Be aware that in both of these cases, if you install using individual server machine names, all of the servers can serve the same certificate but only one server will serve the Certificate Revocation List (CRL). This happens because the web URL for the CRL is in the certificate/keystore that you copied. During any time when the CRL server is unavailable for any reason, Web Start clients would see a warning dialog indicating that the trusted certificate could not be validated, which they can acknowledge and continue to run.
Sharing a cfg Directory Across Servers
If your servers share a cfg directory, then all of the servers will serve the same certificate and the first server on which BBj was installed will serve the CRL. This happens because each subsequent installation preserves the previous installation’s cfg directory keystore.
Copying cfg Directory Files Across Servers
Once you have installed with the “generate a certificate” option on all of your servers, follow these steps if you wish to copy the generated certificate/keystore files from one server to another:
Identify the BBj server from which you will copy the certificate. In the <BBj installation directory>/cfg directory, identify the three certificate-related files named install.jks, install-ca.jks, and install.crl.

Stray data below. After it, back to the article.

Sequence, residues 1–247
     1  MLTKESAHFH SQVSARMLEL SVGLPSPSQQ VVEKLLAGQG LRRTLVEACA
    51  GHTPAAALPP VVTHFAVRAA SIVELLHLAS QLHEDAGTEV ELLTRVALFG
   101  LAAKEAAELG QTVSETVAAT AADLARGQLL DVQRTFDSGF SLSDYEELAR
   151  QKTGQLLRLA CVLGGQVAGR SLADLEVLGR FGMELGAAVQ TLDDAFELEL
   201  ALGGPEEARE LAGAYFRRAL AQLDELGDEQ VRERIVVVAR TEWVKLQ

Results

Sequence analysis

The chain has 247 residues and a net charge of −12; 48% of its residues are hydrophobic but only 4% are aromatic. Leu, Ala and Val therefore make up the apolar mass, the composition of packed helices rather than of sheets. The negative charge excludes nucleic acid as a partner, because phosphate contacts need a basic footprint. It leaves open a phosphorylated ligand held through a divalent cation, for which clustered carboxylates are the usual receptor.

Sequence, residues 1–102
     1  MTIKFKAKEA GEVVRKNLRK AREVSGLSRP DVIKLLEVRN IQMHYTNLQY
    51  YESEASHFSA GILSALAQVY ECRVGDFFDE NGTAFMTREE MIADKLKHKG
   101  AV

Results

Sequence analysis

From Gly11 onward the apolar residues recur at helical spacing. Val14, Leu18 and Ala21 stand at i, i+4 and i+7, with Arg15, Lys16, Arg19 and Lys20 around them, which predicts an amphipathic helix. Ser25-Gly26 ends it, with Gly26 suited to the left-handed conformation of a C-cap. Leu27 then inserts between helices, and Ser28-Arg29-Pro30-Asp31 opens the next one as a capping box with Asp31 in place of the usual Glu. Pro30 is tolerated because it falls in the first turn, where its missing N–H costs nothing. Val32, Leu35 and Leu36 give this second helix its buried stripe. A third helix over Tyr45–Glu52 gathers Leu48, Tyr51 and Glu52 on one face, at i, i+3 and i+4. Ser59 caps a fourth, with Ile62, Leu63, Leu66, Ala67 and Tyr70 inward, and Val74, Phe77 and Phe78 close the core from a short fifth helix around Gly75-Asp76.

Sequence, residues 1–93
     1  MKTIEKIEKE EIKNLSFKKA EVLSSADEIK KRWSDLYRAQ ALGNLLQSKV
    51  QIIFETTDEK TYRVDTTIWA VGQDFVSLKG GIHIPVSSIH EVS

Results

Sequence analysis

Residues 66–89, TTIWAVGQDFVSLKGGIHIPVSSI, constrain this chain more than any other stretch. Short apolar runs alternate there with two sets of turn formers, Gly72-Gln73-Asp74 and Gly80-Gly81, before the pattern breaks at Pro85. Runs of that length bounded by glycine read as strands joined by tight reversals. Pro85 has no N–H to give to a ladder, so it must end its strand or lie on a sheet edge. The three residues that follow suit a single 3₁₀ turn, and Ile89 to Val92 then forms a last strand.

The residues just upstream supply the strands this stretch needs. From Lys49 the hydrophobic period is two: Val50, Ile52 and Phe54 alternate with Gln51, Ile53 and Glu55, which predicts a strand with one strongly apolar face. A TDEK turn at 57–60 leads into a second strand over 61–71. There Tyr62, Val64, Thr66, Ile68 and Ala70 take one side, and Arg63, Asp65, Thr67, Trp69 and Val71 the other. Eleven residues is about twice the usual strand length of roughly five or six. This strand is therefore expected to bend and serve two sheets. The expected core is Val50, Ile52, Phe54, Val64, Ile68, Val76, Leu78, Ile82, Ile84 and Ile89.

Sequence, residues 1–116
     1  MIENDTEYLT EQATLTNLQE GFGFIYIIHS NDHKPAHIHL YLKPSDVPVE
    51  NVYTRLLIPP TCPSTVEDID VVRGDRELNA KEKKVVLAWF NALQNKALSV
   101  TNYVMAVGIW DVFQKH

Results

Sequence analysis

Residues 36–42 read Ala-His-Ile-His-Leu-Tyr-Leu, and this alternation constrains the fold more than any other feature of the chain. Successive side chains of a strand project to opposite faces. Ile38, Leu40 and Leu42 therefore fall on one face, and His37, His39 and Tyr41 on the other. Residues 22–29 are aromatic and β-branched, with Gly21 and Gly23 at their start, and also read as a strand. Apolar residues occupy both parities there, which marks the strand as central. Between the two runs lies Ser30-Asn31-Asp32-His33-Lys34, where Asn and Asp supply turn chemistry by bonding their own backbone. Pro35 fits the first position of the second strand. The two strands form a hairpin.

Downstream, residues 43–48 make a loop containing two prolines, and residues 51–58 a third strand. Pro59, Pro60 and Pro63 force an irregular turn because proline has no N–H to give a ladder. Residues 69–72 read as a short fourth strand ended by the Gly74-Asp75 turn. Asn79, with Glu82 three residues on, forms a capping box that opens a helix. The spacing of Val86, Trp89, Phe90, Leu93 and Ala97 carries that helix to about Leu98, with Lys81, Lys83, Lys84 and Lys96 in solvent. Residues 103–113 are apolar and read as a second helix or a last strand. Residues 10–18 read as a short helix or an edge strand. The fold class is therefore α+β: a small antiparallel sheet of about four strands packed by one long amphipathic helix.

Shut down BBj Services on each of the other servers (if running).
Copy the install.jks, install-ca.jks, and install.crl files from the source server to the <BBj installation directory>/cfg directory on each of the other servers, overwriting the existing files.
Restart BBj Services on each of the other servers.
If you installed with individual server machine names and manually copied the keystore files, the server from which you copied the files will now serve the CRL.
The option to "use an existing certificate" requires that you purchase a code signing certificate from a trusted certificate authority organization (TCAO), place the certificate in a keystore, and enter the location of the keystore along with its security keys during installation.
The code signing certificate must be purchased from a TCAO and meet the following requirements: